Regrouping agricultural land and forests in Central and Eastern Europe
10 March 2004
Motion for a recommendation
presented by Mr Schmied and others
This motion has not been discussed in the Assembly and commits only the members who have signed it
In several Central and Eastern European countries a large part of the population subsists on agriculture based on very traditional and inefficient farming structures. These people represent between 20 and 35 percent of their countrys total population. Their situation is likely to cause grave social problems in the near future.
In the present structure, an average small farmer performs agricultural work in 6 to 8 distinct locations. These lots may be several kilometres apart. The prospects for improving their standard of living are doomed by the difficult working conditions, by the typically poor infrastructure of small village communities and by the high cost of transportation. The low income of farmers is forcing the younger generations to leave their villages and move to cities where economic opportunities are more promising. At present, the average age of actively working persons on many family farming units in these countries is typically 60 years. The current depletion of villages might also significantly contribute to the flux of cross-border migration of the work force in the near future.
Preserving and improving the traditional family-based farming culture is therefore essential for social stability. It also helps indirectly in safeguarding the landscape and preserving the natural environment in its traditional form.
For the purpose of easing migratory pressures by way of improving the efficiency and the economic chances of family farms, a key precondition must be fulfilled. That is the rationalisation of farming by the regrouping of agricultural land and forests, thereby reducing the high fragmentation of land ownership. This would create the basis for more efficient farming and for prosperity among the younger generations in a high number of small rural communities. The implementation of land regrouping programmes would also provide the basic requirements for performing various community programmes related to rural and infrastructural development before and after the accession of these countries to the European Union.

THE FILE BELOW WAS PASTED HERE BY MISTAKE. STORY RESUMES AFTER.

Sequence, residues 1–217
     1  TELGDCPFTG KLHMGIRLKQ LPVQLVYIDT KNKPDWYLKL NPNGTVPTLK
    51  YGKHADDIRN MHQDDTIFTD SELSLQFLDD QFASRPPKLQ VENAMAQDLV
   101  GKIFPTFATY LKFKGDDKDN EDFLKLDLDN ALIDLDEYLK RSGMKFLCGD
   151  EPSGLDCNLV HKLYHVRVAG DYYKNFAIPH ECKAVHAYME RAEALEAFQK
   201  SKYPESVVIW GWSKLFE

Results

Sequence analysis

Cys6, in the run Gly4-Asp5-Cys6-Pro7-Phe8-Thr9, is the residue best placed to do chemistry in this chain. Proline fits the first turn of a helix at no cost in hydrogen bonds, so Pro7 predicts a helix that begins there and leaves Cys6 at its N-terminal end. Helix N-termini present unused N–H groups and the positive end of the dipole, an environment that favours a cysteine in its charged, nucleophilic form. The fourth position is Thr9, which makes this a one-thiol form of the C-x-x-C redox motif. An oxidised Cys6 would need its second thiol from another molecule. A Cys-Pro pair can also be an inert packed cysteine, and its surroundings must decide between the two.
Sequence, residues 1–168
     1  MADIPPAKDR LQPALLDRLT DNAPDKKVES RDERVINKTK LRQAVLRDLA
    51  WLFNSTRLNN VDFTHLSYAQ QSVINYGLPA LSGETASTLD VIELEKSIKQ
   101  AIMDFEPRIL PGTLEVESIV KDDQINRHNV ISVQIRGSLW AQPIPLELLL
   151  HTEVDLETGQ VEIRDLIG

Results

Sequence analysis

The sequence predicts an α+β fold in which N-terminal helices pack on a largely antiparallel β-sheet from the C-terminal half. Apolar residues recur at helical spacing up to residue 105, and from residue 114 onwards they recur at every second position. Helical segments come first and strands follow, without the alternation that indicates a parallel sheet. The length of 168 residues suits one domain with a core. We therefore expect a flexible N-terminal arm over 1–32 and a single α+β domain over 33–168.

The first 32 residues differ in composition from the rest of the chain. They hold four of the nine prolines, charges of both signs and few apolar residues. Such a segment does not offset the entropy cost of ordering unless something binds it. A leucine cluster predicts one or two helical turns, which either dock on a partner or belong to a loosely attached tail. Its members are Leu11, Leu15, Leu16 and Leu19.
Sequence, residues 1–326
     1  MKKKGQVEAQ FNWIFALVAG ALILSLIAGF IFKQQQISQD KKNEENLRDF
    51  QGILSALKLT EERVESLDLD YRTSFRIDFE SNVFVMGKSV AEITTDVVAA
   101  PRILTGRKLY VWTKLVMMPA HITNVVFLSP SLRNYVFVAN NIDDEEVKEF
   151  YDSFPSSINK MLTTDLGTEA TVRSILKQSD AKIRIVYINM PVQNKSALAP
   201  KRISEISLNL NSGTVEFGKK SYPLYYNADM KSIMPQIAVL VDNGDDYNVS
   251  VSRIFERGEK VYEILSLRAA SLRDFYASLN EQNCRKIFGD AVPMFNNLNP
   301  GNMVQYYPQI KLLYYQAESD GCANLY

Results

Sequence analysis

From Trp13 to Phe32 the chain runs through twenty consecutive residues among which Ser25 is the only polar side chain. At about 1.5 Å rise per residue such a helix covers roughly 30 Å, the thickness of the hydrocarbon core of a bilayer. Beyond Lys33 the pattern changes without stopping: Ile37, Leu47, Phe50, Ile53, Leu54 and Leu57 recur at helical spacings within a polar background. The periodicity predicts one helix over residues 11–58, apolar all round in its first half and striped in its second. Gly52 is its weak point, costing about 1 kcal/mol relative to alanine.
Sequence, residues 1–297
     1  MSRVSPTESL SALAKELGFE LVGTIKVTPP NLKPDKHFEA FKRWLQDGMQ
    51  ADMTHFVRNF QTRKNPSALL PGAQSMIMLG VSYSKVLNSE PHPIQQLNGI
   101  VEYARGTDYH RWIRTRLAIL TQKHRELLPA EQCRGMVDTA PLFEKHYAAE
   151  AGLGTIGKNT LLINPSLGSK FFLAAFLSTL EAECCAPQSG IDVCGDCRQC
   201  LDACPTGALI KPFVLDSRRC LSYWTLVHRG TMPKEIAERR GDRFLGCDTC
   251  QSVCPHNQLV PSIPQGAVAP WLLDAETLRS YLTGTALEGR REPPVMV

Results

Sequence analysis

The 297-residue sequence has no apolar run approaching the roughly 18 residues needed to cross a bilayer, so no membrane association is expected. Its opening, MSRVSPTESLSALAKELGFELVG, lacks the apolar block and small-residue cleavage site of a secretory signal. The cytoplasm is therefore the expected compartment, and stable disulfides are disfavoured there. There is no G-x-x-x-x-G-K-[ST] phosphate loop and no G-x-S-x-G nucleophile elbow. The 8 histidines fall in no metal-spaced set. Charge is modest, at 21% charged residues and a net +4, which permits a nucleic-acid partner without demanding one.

In Switzerland as well as in other West European countries, the success of regrouping agricultural land and forests manifested itself in over 50% savings in the cost of farm operation. The ensuing improvement in farmers´ living conditions convinced many young farmers in Switzerland to remain on the land and continue with farming. At the same time, the land regrouping process created favourable conditions for successful environmental and landscape protection programmes.
A successfully implemented pilot project in a Central and Eastern European country could, in due time, create a snowball effect in most countries of the region.
The Council of Europe should take the lead in exploring the usefulness of the well-proven Swiss model of regrouping agricultural land and forest for small farms in Central and Eastern Europe. The Assembly therefore recommends that the Committee of Ministers and particularly the governments of the Member States concerned give all necessary support for the elaboration and launching of a pilot project in a Central and East European country.
Schmied, Switzerland, LDR
Agudo, Spain, SOC
Anttila, Finland, LDR
Çavusoglu Y., Turkey, LDR
Crema, Italy, SOC
Dupraz, Switzerland, LDR
Etherington, United Kingdom, SOC
Giovanelli, Italy, SOC
Goulet, France, LDR
Gubert, Italy, EPP/CD
Kelemen, Romania, EPP/CD
Kuvart, Czech Republic, SOC
Lobkowicz, Czech Republic, EPP/CD
Meale, United Kingdom, SOC
Nazaré Pereira, Portugal, EPP/CD
Ohlsson, Sweden, SOC
Schicker, Austria, SOC
Stoyanova, Bulgaria, EPP/CD
Timmermans J., Belgium, SOC
Velikov, Bulgaria, LDR
Group of the European Peoples Party
European Democratic Group
Liberal, Democratic and Reformers Group
Group of the Unified European Left
Not registered in a group